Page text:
A MOODY STAGE VERSION OF THE CLASSIC OUTLAW TALE HEADS TO THE GOLD COAST
ROSE SADLEIR & JODIE MUNRO O’BRIEN
Steven Rooke believes the best way to tap into your character’s psyche is by seeing them in a positive light and understanding what they believe in.
That’s why the Australian actor had to immerse himself in Ned Kelly’s story before he took on the title role in new play Kelly.
“I didn’t know a whole lot about the story before but (the role) gave me the motivation to study it,” says Rooke.
“It’s a fascinating story – you couldn’t write it (make it up) – there’s so much treachery and lies, people looking after their own best interests. It’s an unbelievable saga.”
Queensland playwright Matthew Ryan’s spin on the legendary outlaw tale is based on the idea that Ned Kelly’s brother Dan didn’t die in the Glenrowan shootout in 1880.
“A number of men later in their lives claimed to be Dan Kelly,” says Rooke.
Produced by Queensland Theatre Company, Kelly opens on the Gold Coast stage tomorrow before touring nationally.
Directed by Todd MacDonald, the play is set in Ned Kelly’s cell the night before his execution.
“In our version, Dan Kelly sneaks into the cell disguised as a priest,” says Rooke.
“He is seeking a blessing from Ned after he departed Glenrowan without rescuing his brother. (The meeting) doesn’t go as well as it should, and inside the cell we see flashbacks and re-enactments.”
While the play has a dark premise, Rooke says it’s also very funny in places.
“Matt Ryan is known for his comedy more than his drama,” he says.
“He gives the play real moments of lightness and humour. It’s a roller-coaster ride – it’s fierce, emotional, hilarious and fast-paced.”
Kevin Spink and Anthony Standish round out the cast and Rooke says the trio of actors have been good friends for number of years.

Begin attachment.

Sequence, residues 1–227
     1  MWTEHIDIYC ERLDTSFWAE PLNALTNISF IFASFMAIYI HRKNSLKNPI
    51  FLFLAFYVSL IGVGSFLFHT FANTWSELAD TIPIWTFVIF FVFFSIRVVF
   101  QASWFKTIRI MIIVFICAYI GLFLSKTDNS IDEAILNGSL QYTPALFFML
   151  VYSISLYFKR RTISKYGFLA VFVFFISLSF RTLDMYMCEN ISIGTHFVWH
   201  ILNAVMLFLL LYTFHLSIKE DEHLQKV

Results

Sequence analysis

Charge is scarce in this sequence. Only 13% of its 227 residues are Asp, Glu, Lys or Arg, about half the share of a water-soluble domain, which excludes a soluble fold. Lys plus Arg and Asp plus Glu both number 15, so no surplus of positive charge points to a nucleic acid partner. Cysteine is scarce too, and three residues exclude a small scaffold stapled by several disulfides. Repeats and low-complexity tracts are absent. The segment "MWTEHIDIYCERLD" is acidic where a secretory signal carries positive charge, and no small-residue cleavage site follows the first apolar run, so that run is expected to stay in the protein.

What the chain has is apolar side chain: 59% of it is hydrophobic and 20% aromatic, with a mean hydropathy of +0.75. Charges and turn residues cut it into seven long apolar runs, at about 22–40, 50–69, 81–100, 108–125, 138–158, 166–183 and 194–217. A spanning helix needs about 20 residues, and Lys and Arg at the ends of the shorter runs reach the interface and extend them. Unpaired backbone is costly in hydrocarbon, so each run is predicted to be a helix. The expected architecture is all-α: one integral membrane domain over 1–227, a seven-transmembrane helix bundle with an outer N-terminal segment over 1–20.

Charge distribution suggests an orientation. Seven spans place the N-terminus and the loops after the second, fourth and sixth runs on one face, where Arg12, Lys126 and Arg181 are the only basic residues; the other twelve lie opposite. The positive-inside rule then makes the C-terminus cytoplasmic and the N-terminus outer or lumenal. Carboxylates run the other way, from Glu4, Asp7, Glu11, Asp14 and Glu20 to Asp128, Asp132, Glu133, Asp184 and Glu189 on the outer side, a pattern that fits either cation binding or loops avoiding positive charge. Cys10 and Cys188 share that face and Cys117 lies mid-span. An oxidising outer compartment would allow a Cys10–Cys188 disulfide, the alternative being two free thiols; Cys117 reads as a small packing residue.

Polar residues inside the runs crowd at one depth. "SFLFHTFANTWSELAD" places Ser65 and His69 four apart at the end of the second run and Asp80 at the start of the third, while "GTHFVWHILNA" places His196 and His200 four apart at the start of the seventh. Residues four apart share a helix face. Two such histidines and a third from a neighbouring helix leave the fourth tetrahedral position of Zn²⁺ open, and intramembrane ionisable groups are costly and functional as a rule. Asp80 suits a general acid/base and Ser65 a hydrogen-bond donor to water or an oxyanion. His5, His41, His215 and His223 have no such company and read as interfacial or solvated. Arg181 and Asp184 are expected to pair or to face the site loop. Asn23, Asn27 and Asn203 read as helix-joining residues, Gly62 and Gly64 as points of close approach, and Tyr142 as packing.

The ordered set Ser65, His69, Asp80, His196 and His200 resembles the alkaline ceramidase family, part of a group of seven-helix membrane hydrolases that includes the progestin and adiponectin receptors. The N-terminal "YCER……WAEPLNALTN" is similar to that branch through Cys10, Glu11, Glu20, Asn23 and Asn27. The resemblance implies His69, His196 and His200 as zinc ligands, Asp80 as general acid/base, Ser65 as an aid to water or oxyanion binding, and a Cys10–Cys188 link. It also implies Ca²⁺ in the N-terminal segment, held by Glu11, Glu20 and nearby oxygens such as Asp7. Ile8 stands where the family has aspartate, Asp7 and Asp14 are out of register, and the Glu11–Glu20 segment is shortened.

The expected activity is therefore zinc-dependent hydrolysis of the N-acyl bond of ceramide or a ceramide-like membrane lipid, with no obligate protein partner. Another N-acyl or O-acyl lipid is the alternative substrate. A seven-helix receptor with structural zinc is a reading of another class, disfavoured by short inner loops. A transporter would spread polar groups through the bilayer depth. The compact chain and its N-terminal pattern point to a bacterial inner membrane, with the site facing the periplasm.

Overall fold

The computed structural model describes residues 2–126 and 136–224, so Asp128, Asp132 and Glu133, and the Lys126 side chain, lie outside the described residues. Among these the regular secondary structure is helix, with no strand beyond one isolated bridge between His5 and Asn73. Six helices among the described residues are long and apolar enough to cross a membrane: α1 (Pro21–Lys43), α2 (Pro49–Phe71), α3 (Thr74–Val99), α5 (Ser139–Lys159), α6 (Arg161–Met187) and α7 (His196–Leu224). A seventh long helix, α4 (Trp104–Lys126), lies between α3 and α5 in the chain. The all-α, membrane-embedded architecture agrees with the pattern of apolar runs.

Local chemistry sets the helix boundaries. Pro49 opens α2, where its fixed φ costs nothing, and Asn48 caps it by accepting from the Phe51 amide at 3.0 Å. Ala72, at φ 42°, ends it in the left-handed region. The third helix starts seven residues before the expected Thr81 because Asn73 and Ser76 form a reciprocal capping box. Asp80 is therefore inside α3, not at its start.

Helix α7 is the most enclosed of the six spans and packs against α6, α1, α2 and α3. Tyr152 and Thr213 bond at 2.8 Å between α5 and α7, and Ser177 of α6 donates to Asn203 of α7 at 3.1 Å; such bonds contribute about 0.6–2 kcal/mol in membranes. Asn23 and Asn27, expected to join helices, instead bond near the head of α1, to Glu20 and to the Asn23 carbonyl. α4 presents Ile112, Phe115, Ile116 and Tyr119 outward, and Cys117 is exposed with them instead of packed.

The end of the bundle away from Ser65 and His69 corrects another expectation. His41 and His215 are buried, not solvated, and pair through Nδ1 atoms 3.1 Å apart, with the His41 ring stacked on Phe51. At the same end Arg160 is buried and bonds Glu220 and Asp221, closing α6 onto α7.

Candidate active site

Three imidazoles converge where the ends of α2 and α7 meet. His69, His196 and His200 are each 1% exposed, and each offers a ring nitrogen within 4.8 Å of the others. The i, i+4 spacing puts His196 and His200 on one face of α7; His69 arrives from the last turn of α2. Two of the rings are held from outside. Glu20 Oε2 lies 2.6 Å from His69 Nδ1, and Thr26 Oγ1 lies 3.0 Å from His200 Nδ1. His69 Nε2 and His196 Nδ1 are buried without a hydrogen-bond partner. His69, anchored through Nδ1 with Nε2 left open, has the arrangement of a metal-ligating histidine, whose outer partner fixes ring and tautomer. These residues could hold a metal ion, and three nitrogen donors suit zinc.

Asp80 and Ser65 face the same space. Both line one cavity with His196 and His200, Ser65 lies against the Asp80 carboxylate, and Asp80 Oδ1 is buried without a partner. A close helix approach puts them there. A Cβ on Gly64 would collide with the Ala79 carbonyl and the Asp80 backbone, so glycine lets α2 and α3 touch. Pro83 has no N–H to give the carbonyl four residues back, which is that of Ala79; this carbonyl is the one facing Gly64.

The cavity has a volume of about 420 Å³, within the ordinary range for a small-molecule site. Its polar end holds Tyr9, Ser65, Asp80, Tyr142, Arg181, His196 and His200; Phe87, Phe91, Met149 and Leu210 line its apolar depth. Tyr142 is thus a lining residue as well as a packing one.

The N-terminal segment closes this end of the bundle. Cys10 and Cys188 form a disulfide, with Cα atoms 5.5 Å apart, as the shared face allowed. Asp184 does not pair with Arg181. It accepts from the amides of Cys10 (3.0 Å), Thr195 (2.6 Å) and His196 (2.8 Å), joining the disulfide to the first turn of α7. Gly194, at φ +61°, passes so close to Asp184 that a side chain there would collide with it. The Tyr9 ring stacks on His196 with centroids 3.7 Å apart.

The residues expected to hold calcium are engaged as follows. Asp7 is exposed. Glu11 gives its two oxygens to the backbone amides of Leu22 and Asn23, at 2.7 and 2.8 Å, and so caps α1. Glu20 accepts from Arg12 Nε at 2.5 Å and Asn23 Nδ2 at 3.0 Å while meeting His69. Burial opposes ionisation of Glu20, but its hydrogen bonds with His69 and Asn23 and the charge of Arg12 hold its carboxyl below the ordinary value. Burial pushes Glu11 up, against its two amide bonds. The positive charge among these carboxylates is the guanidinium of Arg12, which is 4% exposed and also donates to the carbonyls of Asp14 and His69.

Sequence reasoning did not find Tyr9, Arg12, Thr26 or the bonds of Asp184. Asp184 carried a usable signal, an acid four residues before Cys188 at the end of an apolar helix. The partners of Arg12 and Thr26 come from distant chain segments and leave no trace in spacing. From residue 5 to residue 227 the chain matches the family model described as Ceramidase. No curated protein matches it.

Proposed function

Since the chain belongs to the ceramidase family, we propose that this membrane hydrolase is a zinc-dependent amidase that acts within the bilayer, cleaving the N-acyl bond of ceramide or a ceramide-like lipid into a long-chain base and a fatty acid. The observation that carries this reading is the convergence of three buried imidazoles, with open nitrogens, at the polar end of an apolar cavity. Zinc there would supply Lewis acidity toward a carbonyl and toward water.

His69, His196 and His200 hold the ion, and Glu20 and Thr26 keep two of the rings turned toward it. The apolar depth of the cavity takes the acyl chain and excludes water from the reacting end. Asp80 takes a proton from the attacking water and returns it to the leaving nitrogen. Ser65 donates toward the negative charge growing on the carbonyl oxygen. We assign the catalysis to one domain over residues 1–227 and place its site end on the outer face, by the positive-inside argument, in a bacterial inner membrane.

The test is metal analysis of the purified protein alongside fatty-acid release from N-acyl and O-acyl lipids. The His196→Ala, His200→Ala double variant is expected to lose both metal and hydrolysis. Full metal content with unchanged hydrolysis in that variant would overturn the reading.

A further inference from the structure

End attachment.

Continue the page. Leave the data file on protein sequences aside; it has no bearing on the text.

Kelly made its world debut in 2012 but Ryan has since streamlined elements, and Rooke says it has “a whole new spark to it”.
After the original production, Rooke, 35, was living in Sydney and working as a bartender.
He says a man with a gun and another with a sledgehammer entered the pub at closing time and demanded staff empty the safe.
That’s the moment Rooke, who now lives at Aspley, on Brisbane’s northside, decided to move back to Queensland.
He grew up in Noosa, where he stumbled into acting at the age of 14, thanks to a friend.
Rooke headed to Sydney after graduating from a drama degree at Queensland University of Technology in 2000, and landed television roles on programs such as All Saints, Beastmaster, Home and Away and Always Greener.
Film and television commercial roles followed, as did regular theatre opportunities.
A few years later, he returned to Brisbane and refocused his career on his first love of theatre.
The fresh determination landed him plenty of opportunities, including a chance to work with his childhood hero, Ben Elton, in a revised version of his play Gasp! and roles in the production of the film The Chronicles of Narnia: Voyage of the Dawn Treader.
“As a child, I read everything Ben Elton wrote. I devoured every one of his books, plus Blackadder and the Young Ones,” Rooke says.
He says he is really excited to be performing in a famous Hobart theatre with the Kelly tour.
“We’re going to Hobart and we get to perform in the Theatre Royal, where Laurence Olivier performed,” Rooke says.
“That sort of thing is just as big a highlight as the celebrity stuff – just the history of it and the amount of Australian theatre royalty that have been there is amazing.”
Kevin Spink, Steven Rooke and Anthony Standish in the stage show